Over at my personal blog, I recently wrote offering advice to future cohorts of my peers.  During my writing, I found myself wanting to offer my experiences to the few, if any, of you who identify as a sexual minority who plan on obtaining theological education. I can only hope that there is at least one of you who plans on doing so at Duke Divinity, and at the same time don’t wish that sort of stress and struggle upon any of you. Yet, I also know that I, at least, have found the struggle to be incredibly fruitful, so I do wish it on you in a way.

Rather than babble on about whether or not I am wishing such an experience on you, here is some advice, based on my own experience, to those of you who do choose to partake in such an…experience.

This supposed ‘advice’ is going to be more obfuscated than the previous one. Life, on a whole, is complicated, and doesn’t lend itself to clean lines and neat packages. Life for a lesbian (or gay man, or bisexual, or [insert your situation here]) is even more complicated at times, especially when those times include theological education for training pastors, in the South, affiliated with a denomination that does not ordain gay pastors…. you get my drift.

That being said, I don’t even know where to start. And I’m already halfway down the page.
Perhaps I will start by explaining what served as my impetus for coming to Duke Divinity School. Why, the astute (hell, even the daft) reader may ask, did you come here then? And this is even before I release the fact that I also got into Yale and Vanderbilt, both of which are known to be much more liberal, and both of which offered me MUCH more money in the way of scholarships. Yet, here I reside, at Duke Divinity.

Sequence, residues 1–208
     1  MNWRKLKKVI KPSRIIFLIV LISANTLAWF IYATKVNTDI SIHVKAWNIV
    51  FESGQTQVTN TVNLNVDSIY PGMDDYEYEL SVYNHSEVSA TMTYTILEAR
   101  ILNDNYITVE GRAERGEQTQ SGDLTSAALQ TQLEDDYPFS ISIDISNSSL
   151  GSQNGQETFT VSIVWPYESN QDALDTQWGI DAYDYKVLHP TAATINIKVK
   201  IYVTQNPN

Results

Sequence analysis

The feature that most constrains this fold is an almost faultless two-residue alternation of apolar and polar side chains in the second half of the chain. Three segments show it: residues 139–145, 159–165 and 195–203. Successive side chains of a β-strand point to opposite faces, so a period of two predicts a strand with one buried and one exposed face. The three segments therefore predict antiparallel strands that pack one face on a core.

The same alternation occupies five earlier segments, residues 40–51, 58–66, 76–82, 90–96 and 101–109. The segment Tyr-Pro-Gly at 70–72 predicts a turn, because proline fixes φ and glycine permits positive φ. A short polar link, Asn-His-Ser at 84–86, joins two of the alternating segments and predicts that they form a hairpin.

I blame all this on a man named Sanford Groff.

Let me back up and explain.

It was spring of 2007, and I was pretty set on going to Vanderbilt Divinity School. I had been offered a full scholarship, the school was known on being very liberal and accepting, and they had a fantastic certificate program in Gender, Sexuality, and Theology. But, I didn’t want to commit before I looked at all the schools on my list. Plus, I was currently on Equality Ride, and the idea of stealing time away by myself for a few days sounded like heaven. So, post-Patrick Henry protest, I got a nice community supporter to take me to the nearest car rental place and went on my way to Duke University. I remember the drive being breathtaking. It was likely because I was driving and alone, as opposed to sitting on a bus with 25 other queers, but nonetheless. Every time I think about that drive, I remember the colors of the trees. I keep thinking that I was amazed by the vastness of the fall colors (in California, all the trees are green, all the time), but that can’t be right, cause it was in April. (I still can’t figure out why or where that image is in my head from.) So, I am already thinking favorably towards this school.

After a much needed drive, I arrived at the Millennium Hotel, which Duke had paid for. A long, beautiful drive of solitude followed by a soak in a hot tub and a bedroom to myself—it’s like the cow being primed and fattened up before it is led to slaughter.

After a long night sleep, I arrive on the Duke campus, and it’s beautiful. And the divinity school is right next to the gorgeous, historical Duke Chapel. And there are tulips planted everywhere. Tulips! Its as if the Duke powers-that-be are already sprinkling on seasoning before the cow becomes a hamburger.

During the quintessential tour of the Divinity school campus, I happened to browse the events listed on a corkboard up next to the mailroom. One of the event flyers I saw advertised a “brown bag lunch” on homosexuality and Scripture. Hmmmm, I thought. I have these conversations every day for Soulforce, so you think I would want to avoid them on my short-lived hiatus. Nope. It sounded like fun. Part of it was that I was excited to see how much better a school like Duke would do at these conversations. And, if this was a school I was seriously considering, this was the type of thing I would be involved in, so why not start early?

Well, to make a very long story only a little less long, I left that brown bag lunch thinking that there was no way in hell I would willingly enroll in Duke Divinity School (so much for being primed). The conversation reminded me of the conversations I had been having all along on Equality Ride, at schools where Jerry Falwell and Billy Graham were popular, where you could major in apologetics and creationism, where you could be kicked out for being gay. I was appalled that students at Duke were comparable in their viewpoints.